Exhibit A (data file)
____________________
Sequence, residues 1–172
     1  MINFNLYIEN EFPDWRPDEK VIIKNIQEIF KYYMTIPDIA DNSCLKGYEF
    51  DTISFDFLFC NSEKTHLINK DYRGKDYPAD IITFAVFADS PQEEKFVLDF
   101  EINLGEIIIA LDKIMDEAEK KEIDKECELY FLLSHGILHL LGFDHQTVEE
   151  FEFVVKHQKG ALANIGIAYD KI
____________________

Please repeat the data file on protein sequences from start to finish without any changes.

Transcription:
Sequence, residues 1–172
     1  MINFNLYIEN EFPDWRPDEK VIIKNIQEIF KYYMTIPDIA DNSCLKGYEF
    51  DTISFDFLFC NSEKTHLINK DYRGKDYPAD IITFAVFADS PQEEKFVLDF
   101  EINLGEIIIA LDKIMDEAEK KEIDKECELY FLLSHGILHL LGFDHQTVEE
   151  FEFVVKHQKG ALANIGIAYD KI